Sauce's place in hip-hop has already been co-opted by Beanie Siegel, and so Sauce's relaxed street rhymes are going to be very overlooked. However, if you're a fan of the style, there is no shortage of dope lines to be had on this LP. It kicks off with an up tempo 'Intro' and Sauce tears into the track with his trademark style. 'Love and War' is more of the same, not really a thematic track, more of the street shit, but a solid track and a decent beat. Next is 'What's My Name' which is unsurprisingly, more of the same, bragging, punchlines - "Ya'll just passing gas, nigga I'm the shit." The title track follows and 'Middle Finger U' is definitely the crown jewel of the LP. This is as good as the street/punchline style gets. The beat is tight, Sauce's flow is relentless, this is the song that has kept people anticipated for this LP despite it being over a year old. "I lead by example, nigga must I led?/the last thing you hear is shots and every cuss I said/real niggas walking away/paramedics walking your way/cracking jokes while I'm talking to Jay." Cracking jokes to your friend while the paramedics are coming to pick up the guy you just shot is just ill. But the quotables don't stop there: "Wearing sat nigga, roam with the chrome nigga/fat nigga, bat against ya dome nigga/I'm that nigga, the one you can't even crush/the type of cat who'll shit in ya crib and don't even flush." Distasteful yes, but I'll be damned if that isn't funny.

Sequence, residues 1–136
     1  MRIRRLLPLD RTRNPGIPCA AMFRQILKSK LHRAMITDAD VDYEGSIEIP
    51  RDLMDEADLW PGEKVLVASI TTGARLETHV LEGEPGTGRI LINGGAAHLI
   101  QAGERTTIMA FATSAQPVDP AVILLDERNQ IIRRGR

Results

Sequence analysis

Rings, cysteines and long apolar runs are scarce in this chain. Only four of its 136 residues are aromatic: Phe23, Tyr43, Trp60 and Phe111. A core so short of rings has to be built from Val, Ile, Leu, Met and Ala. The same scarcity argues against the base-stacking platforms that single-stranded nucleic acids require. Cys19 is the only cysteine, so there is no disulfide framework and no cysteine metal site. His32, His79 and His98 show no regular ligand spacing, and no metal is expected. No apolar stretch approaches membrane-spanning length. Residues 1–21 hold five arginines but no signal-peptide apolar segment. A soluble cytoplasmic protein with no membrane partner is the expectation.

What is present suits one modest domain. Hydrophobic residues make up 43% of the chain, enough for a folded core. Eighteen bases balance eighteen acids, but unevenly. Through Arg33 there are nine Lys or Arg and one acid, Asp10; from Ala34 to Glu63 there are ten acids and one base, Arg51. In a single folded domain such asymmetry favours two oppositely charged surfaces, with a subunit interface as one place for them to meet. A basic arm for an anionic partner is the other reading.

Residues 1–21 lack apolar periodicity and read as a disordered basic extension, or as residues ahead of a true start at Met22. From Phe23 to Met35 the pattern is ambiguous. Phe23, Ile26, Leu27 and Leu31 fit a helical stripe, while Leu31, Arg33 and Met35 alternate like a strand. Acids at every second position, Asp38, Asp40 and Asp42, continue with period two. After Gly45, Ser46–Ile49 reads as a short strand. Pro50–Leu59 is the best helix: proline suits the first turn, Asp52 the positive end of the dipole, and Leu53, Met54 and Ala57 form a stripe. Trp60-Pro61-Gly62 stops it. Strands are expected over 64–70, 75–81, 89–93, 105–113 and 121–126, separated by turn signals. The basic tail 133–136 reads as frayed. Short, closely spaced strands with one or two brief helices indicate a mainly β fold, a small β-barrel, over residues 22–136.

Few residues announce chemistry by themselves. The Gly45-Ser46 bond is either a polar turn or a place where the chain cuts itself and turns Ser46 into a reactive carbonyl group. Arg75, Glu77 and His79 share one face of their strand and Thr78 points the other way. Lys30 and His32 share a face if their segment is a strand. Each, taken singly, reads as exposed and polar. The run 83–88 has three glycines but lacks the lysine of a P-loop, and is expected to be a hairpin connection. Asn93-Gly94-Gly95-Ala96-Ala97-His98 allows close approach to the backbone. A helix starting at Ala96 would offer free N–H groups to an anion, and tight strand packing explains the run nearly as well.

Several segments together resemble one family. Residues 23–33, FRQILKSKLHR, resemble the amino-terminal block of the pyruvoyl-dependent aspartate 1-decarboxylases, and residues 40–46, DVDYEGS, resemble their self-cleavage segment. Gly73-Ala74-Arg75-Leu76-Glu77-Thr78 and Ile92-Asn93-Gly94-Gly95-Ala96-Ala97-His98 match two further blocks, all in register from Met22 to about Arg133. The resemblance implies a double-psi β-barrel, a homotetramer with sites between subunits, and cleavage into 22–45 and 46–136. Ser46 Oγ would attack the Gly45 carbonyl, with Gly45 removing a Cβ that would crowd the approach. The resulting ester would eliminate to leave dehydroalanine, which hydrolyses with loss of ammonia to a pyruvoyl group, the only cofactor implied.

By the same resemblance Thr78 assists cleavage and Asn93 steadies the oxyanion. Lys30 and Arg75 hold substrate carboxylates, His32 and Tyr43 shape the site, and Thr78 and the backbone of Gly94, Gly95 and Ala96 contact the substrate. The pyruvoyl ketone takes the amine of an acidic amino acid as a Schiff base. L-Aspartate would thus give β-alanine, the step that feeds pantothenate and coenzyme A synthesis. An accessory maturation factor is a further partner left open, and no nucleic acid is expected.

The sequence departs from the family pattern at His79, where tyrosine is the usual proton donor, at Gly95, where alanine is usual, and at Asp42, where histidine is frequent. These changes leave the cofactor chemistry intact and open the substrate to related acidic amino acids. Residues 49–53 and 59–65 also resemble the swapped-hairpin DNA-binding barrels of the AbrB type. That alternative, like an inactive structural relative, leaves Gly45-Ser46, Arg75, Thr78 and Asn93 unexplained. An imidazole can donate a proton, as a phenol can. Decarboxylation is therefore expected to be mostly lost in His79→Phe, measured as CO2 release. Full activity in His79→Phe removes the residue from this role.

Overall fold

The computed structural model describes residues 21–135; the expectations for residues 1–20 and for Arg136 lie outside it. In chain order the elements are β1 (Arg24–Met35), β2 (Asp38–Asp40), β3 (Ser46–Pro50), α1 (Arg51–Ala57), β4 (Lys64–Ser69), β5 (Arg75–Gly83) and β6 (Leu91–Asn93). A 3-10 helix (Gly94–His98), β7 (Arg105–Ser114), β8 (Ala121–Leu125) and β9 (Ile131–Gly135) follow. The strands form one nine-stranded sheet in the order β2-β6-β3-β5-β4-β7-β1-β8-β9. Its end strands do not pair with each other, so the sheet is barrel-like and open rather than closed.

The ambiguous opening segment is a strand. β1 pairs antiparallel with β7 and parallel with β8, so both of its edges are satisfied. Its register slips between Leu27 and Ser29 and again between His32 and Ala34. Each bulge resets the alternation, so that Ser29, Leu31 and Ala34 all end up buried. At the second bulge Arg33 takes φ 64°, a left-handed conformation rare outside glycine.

'Do You See' is Sauce's supposed crossover hit with Puff Daddy and Total. It features Puff's thankfully inimitable rap stylings and a syrupy Total hook about haters. Spare me. Sauce rescues the track from absurd wackness, but the beat is more of the "hard to get out of your head" variety than it is of the "good" variety. If it helps Sauce blow (unlikely), all the better, but this isn't exactly a 'Mo Money Mo Problems.' Super Bonus Puff Daddy Quotable: "If my flow aint like a door, how could you knock that?" I'm trying to think of some snide comment to follow that line, but the line is so mind boggling, I can't muster any wit. Curse you Combs, I'll have your head for this! 'Face Off 2000' the newest edition of a song that has seen as many unnecessary remakes as 'The Bridge' by Tragedy Khadafi. The beat is uninspiring but not offensive. It has Jigga, and he and Sauce trade laid back pimptastic nuggets of wisdom, but at this point, I'm looking for something new. 'Foundation 99' features a marvelously original beat as well as some guest rhymers I can't be motivated to check the names of. Big Jaz is on there somewhere. Probably on the beat box.